What is a girdle book? Wikipedia has a reasonable definition, but for all intents and purposes they were books that were connected to a reasonable length of leather so as to allow the individual to wear it from their belts or girtles and make the book easily readable at any given time. It is claimed they were in use from the 14th - 16th centuries and that they were worn primarily by monks, clergymen, and aristocratic nobles.
Where were girtle books found normally? According to the article entry:
At least part of the reason for the small number of surviving examples stems from the fact that the use of the girdle book was largely confined to a narrow area from the Netherlands to the Upper Rhine Valley. -- A Fifteenth Century Girdle Book, Pg 481That says to me primarily Germanic.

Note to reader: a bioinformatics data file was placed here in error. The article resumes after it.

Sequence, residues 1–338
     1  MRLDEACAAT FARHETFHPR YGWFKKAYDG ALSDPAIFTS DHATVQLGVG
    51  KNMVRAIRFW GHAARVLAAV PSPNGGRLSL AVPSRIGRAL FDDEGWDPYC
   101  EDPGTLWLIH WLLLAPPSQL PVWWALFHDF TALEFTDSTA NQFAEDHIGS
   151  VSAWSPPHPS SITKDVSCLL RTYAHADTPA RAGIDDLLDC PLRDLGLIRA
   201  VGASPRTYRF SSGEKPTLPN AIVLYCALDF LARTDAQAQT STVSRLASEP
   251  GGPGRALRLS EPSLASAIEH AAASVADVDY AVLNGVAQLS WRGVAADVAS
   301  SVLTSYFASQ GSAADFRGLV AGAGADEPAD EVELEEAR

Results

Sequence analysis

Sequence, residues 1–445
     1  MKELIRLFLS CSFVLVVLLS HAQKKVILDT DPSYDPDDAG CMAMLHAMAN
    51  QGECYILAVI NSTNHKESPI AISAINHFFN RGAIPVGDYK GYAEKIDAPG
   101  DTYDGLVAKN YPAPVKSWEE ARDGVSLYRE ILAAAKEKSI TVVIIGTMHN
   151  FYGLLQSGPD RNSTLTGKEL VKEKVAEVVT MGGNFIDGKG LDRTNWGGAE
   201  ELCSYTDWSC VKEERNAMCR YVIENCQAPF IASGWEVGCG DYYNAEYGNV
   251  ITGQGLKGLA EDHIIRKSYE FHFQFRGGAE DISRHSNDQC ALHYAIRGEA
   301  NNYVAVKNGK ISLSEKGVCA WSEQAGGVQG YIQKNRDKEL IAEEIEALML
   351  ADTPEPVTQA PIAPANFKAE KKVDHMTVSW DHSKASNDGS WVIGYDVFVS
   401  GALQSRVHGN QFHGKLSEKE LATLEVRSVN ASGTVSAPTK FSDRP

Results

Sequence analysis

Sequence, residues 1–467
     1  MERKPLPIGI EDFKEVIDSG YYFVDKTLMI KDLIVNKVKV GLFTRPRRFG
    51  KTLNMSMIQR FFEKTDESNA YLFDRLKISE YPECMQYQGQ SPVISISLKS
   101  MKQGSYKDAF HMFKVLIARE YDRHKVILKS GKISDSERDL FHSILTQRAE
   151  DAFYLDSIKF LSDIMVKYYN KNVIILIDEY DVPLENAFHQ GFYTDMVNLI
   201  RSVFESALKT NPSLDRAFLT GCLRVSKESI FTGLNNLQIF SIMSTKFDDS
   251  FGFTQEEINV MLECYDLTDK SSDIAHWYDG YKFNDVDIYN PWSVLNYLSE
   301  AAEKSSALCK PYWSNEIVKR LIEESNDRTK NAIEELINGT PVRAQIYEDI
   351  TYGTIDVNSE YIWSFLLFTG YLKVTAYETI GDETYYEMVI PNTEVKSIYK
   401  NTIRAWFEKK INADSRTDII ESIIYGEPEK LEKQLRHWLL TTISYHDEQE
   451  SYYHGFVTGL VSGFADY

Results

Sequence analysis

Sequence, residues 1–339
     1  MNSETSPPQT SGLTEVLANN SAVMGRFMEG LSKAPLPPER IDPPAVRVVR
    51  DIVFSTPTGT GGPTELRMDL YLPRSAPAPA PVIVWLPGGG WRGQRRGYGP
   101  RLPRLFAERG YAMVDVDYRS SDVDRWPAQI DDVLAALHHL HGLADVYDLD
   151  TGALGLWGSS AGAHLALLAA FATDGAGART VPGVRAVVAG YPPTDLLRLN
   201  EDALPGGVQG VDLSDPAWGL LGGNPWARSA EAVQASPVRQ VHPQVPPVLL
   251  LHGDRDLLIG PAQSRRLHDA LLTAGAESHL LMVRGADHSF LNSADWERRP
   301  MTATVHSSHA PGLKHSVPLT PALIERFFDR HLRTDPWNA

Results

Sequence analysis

I had performed research on girtle books a while ago, but apparently I'd never put the information online. Sad, sad business when you have to do your own research more than once. In any case, I was skimming through Hans Holbein the Younger's Dance of Death (1538) when I ran across an example of a girtle book.
|Dance of Death: XXIII The Mendicant Friar by Hans Holbein the Younger (c1538) - Girtle Book Detail|
For a really good article on girdle books, I suggest reading Margit J Smith's work (below).
Oh yay! Another project to work on for my A&S 50 Challenge. :D
Articles and Construction of Girtle Books